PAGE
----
Tuesday, 29 March 2016

Old Steps but New Attitudes

For some reason body language and appropriate touching has been on my mind lately.  I do a fair amount of dancing and one partner of mine I hadn't seen in months.  I know there was illness in his family and that my friend and taken temporary leave from work to travel and help get his family during the health crisis.  So, his return to dance classes was a welcome sight and I literally skipped to where he was standing.  Unselfconsciously, he throws his arms around me.  But all of sudden it was as if an electronic current ran through him and he backs away in haste.  Next, he starts apologizing.  I am standing there looking confused.  These were his words, " I am so sorry but I've just gotten back from Cape Breton."  Then he lets out a sign of relief "oh that's right, it's OK you're from Quebec."

Notice how our mutual cultural background dictated what was appropriate.  When I first moved away from Montreal and started graduate school in Toronto it was not uncommon for someone to remark, "You're not from here, are you?"  When I asked people how they could tell I got a variety of answers.  One is the characteristic way I have of using my hands when I talk.  I was an Anglophone but I gestured like a Latin.  Also, you could stand much closer to me before I flinched so people assumed that I had a French or Italian background.  Then there is eye contact.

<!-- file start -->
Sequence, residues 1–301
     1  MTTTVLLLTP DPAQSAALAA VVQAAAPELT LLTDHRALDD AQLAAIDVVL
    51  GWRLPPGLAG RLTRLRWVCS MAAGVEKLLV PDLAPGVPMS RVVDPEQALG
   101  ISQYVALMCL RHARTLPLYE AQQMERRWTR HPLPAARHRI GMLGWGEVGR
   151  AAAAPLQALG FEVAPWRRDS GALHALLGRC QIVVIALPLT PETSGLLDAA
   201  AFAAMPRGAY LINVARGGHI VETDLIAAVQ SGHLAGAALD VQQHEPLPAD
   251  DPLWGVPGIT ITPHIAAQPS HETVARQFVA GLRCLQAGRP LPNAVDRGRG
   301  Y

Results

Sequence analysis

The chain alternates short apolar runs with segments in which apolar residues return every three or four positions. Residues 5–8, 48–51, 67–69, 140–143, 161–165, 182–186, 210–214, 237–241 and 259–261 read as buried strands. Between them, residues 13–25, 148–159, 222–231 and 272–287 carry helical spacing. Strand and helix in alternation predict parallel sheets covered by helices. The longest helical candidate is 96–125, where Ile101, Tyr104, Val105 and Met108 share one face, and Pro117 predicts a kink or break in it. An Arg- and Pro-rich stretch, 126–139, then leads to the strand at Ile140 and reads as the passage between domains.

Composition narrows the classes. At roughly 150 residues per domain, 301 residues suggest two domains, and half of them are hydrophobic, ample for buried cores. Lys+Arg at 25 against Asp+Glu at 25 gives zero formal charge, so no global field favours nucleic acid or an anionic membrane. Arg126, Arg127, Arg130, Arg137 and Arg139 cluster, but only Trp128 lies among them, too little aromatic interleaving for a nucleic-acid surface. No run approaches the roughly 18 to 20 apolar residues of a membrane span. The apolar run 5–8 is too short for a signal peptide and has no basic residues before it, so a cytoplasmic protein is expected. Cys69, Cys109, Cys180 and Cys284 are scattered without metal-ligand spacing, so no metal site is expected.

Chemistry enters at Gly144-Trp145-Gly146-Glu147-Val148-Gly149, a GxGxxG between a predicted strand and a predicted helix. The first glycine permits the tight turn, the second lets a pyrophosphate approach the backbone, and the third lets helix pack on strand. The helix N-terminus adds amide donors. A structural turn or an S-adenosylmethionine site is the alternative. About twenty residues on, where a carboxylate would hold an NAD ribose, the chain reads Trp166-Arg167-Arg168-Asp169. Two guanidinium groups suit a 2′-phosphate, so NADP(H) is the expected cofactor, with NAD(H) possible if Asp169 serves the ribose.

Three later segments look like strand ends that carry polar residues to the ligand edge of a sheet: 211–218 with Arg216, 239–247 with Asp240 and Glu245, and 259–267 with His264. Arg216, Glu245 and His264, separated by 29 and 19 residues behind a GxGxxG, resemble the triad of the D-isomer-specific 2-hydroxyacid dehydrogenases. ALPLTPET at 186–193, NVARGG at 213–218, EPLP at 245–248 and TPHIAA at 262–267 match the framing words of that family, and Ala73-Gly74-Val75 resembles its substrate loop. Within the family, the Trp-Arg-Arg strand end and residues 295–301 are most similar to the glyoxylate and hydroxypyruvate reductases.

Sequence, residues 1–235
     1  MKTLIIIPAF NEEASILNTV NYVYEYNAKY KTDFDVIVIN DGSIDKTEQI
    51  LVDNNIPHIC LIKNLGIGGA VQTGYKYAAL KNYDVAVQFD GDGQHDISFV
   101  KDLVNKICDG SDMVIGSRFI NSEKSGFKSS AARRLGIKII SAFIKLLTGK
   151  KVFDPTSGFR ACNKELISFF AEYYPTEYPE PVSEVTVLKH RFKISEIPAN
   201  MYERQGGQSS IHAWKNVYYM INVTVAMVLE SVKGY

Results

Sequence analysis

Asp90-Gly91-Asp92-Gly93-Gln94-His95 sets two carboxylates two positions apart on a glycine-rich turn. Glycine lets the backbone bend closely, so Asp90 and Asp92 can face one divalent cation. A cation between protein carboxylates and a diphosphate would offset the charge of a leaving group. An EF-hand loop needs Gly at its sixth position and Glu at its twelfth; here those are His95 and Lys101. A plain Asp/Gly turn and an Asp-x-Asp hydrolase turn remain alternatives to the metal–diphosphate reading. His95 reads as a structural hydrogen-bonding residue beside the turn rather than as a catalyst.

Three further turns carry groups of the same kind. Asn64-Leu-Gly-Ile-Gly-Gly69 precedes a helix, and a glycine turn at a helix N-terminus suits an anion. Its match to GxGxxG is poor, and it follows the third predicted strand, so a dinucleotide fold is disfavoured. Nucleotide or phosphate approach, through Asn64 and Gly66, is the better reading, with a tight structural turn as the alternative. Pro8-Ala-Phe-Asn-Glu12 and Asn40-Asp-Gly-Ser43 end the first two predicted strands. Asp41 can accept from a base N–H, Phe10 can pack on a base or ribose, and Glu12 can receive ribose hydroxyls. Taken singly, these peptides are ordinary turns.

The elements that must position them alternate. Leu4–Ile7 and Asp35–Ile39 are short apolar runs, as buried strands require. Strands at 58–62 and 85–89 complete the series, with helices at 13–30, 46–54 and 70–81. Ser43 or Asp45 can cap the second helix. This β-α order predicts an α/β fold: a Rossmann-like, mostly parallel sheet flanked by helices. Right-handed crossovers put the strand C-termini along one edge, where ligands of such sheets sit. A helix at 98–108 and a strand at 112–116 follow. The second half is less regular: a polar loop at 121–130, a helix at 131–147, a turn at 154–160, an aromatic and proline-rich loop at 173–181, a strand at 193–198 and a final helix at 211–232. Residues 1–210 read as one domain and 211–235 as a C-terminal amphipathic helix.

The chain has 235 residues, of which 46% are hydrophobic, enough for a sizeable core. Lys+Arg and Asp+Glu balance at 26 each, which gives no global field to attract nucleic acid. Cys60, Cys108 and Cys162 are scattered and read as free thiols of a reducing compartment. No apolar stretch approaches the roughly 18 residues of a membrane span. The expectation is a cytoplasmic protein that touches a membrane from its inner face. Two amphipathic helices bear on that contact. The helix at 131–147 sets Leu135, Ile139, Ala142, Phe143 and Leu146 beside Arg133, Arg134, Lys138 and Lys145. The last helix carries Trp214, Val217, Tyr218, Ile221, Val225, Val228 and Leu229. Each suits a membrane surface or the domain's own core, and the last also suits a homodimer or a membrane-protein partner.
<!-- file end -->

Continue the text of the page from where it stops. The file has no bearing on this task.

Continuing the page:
I think this has become more acute with time and our shifting gender roles.  A few weeks back I was taking a dance workshop.  Whenever the older men had a question it was inevitably about getting the steps right.  When the younger men spoke up it was about their feelings and concerns.  How close am I allowed to hold my partner?  How do I know what she is comfortable with?  I've also found it revealing that gender has dropped out a lot of the references or teacher's guideline for etiquette.  You now approach someone and say, "Are you a lead or a follow?"

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